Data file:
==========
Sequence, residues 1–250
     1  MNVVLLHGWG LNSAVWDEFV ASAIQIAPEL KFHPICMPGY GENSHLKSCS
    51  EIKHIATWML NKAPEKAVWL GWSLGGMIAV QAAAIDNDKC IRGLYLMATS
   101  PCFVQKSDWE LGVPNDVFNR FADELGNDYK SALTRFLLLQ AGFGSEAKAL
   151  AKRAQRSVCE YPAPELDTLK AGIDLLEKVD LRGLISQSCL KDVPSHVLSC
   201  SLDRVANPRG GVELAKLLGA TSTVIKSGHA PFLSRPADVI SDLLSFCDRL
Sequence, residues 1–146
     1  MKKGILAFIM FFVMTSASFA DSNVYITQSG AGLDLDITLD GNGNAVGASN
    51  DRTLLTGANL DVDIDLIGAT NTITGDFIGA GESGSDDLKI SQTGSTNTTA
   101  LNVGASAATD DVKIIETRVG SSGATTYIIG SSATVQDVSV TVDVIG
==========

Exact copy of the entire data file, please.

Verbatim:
Sequence, residues 1–250
     1  MNVVLLHGWG LNSAVWDEFV ASAIQIAPEL KFHPICMPGY GENSHLKSCS
    51  EIKHIATWML NKAPEKAVWL GWSLGGMIAV QAAAIDNDKC IRGLYLMATS
   101  PCFVQKSDWE LGVPNDVFNR FADELGNDYK SALTRFLLLQ AGFGSEAKAL
   151  AKRAQRSVCE YPAPELDTLK AGIDLLEKVD LRGLISQSCL KDVPSHVLSC
   201  SLDRVANPRG GVELAKLLGA TSTVIKSGHA PFLSRPADVI SDLLSFCDRL
Sequence, residues 1–146
     1  MKKGILAFIM FFVMTSASFA DSNVYITQSG AGLDLDITLD GNGNAVGASN
    51  DRTLLTGANL DVDIDLIGAT NTITGDFIGA GESGSDDLKI SQTGSTNTTA
   101  LNVGASAATD DVKIIETRVG SSGATTYIIG SSATVQDVSV TVDVIG